Niche partitioning mechanisms of desert heteromyid rodents
Weeks, Brian Edward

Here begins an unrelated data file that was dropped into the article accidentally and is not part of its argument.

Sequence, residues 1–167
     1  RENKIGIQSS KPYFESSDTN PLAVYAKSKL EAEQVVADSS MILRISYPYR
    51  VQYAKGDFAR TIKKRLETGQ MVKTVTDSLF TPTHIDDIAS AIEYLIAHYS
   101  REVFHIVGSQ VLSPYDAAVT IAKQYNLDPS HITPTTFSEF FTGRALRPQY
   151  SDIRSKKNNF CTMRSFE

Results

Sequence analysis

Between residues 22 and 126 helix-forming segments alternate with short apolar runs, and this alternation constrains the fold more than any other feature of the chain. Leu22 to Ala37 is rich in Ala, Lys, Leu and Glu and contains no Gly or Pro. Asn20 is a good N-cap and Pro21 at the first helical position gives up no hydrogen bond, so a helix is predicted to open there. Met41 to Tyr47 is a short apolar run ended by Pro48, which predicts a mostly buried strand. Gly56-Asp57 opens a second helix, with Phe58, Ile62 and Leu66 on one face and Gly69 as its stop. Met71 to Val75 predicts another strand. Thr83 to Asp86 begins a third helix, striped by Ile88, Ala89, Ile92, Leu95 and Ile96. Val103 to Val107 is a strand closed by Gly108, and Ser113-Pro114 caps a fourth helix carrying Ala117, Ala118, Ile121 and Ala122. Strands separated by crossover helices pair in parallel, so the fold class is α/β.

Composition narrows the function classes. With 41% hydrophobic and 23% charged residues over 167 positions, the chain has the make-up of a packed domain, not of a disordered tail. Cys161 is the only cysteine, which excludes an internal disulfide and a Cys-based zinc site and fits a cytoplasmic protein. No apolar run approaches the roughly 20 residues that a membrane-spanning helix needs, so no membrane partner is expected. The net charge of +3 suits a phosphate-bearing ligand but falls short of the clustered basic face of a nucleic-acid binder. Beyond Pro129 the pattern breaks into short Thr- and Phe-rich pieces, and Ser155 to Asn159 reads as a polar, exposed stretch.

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Desert rodent communities are complex and are important in studies examining community ecology and niche partitioning. Although some reasonable models have been proposed for how desert rodents partition resources, there still remains a paucity of data for explaining niche partitioning in these communities. This thesis explores niche partitioning mechanisms for 4 species of Heteromyid rodents: Dipodomys ordii, Dipodomys merriami, Chaetodipus penicillatus, and Perognathus flavus. Foraging time is examined as a potential niche partitioning mechanism in the Tularosa Basin of south-central New Mexico during 4 June to 27 July 1996. Two unique habitats were chosen in which to place the traps: a mesquite habitat (Prosopsis glandulosa) and a saltbush habitat (Atriplex canescens). Eight replicates of these habitat types were located and spaced greater than 500 m apart. A total of 125 traps equipped with digital timers were placed on each of these replicates and trapped for 4 nights. Foraging patterns were compared for first captures between species by habitat. Differences were found between EL merriami and C penicillatus (P < 0.05) in the mesquite habitat and between D. merriami and P. flavus (P < 0.05) in the saltbush habitat. Seed moisture was examined as a potential niche partitioning mechanism in the Tularosa Basin of south-central New Mexico during 20 April to 2 May, 1996. The study was conducted in a sand sage habitat (Artemisia filifblia). There were two phases to the experiment; a detection phase and a preference phase. In the detection phase, a rosette of six traps spaced 15 m apart were placed in open microhabitats representing experimental units. One of six treatments: (1) wet seeds, (2) dry seeds, (3) wet substrate, (4) dry substrate, (5) wet substrate with seeds, and (6) dry substrate with seeds were placed in each of the traps. There were 145 of these experimental units spaced 100 m apart. In the preference phase an experimental unit was a block with each trap being spaced 0.5 m apart. Treatments were the same for the preference phase. There were 100 blocks each spaced 100 m apart. No pattern in treatment detection or preference arose from these experiments except in those comparisons among treatments containing seeds and those without seeds. These studies were conducted to determine if any separate niche axes exist in desert rodent populations besides the traditional models of microhabitat preference and responses to predation risk. The study involving foraging time patterns suggests that foraging time may be the mechanism by which sympatrics limit competitive interactions. The study involving seed moisture suggests that desert rodents may not be able to detect wet seed versus dry seeds via detection or preference in a field setting. Thus seed moisture may not play a viable role in niche partitioning among desert rodent species.